With U.S. elections nearing, European pharma giants brace for potential pricing action: analysts

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The U.S. elections on Nov. 3 could bring changes to drug pricing. (Pixabay/12019)

With U.S. presidential and congressional campaigns in full swing, it’s not just Americans anxiously awaiting the results of the upcoming elections. The races could affect European pharma companies in a big way, and now ODDO BHF analysts are laying out potential ramifications for the industry there. 

Amid the intense campaigning by both parties, the "usual package of measures" on drug pricing and insurance has surfaced, the analysts wrote in a note to clients, adding that they're “clearly deflationary” for pharmaceutical companies.

Democrats, ahead in the polls, have proposed allowing Medicare to negotiate prices directly with pharma companies and creating an optional federal healthcare program for all Americans. The measures have “the potential to create a single public buyer with strong negotiating clout,” driving prices down, the analysts wrote.

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The six European Big Pharma companies ODDO analysts cover—AstraZeneca, GlaxoSmithKline, Sanofi, Roche, Novartis and Novo Nordisk—earn between 6.5% and 14.3% of their total global sales from Medicare, the analysts wrote. Roche generates the most from Medicare among those in that group, while GlaxoSmithKline nets the least. 

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Aside from those key proposals, Democratic presidential nominee Joe Biden proposes allowing consumers to buy drugs from other countries, and he proposes limiting launch prices. The latter measure “could raise the innovation bar required to conserve pricing power,” the ODDO analysts wrote.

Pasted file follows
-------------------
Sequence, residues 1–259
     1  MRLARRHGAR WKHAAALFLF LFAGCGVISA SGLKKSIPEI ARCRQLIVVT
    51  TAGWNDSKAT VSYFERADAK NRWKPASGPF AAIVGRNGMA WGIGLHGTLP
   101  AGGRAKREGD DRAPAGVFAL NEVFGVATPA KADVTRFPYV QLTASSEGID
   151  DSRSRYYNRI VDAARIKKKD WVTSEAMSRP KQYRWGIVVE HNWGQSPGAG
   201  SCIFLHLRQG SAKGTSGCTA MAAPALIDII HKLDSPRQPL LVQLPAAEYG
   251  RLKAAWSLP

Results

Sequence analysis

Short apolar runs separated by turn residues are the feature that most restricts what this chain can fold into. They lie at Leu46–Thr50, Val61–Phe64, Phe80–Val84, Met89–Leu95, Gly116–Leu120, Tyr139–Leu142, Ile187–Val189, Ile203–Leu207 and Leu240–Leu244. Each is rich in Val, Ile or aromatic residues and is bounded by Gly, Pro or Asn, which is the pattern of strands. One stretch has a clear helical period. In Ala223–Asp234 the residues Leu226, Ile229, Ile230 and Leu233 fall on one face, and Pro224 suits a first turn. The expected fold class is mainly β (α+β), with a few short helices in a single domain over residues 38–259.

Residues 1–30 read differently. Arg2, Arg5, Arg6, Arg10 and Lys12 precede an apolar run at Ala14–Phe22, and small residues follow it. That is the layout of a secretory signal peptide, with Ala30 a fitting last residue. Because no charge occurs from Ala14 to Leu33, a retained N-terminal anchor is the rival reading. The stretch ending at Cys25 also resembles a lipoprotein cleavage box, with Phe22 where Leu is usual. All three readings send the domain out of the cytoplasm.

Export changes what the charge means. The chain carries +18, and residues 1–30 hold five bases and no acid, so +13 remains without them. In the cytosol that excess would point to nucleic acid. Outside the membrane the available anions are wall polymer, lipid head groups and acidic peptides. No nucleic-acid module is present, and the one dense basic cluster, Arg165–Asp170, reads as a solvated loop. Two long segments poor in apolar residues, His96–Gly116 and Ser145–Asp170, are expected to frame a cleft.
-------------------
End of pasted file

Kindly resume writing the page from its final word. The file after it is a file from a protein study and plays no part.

On the other side of the aisle, President Donald Trump and the Republicans have proposals that are “similarly unfavorable” for the industry, the analysts wrote. Among them is an aim to reduce drug prices in Medicare to match prices paid by other countries, a measure the biopharma industry strongly opposes.

This summer, Trump also signed executive orders focusing on importation, eliminating rebates and offering discounts for insulin and epinephrine. Considering all the proposals, the ODDO analysts see Biden’s plan for a new public health insurance option as the “main point of divergence” between the candidates’ plans. 

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Aside from pricing considerations, the analysts see tax risks ahead for Roche if Biden wins the White House. Roche benefited the most from Trump’s 2017 tax cut among the group of European companies, and Biden has pledged to increase the corporate tax rate to 28% if he wins. 

Considering all those factors and more, the analysts upgraded AstraZeneca and GlaxoSmithKline and downgraded Roche and Novartis in a Wednesday note. They see limited U.S. market exposure for AstraZeneca and a diversified business for GlaxoSmithKline helping those companies.

On the flip side, they cited tax risks and “major U.S. exposure” for Roche, while they also see a “less attractive newsflow” hurting Novartis. The analysts held their buy position on Sanofi and are neutral on Novo Nordisk. 

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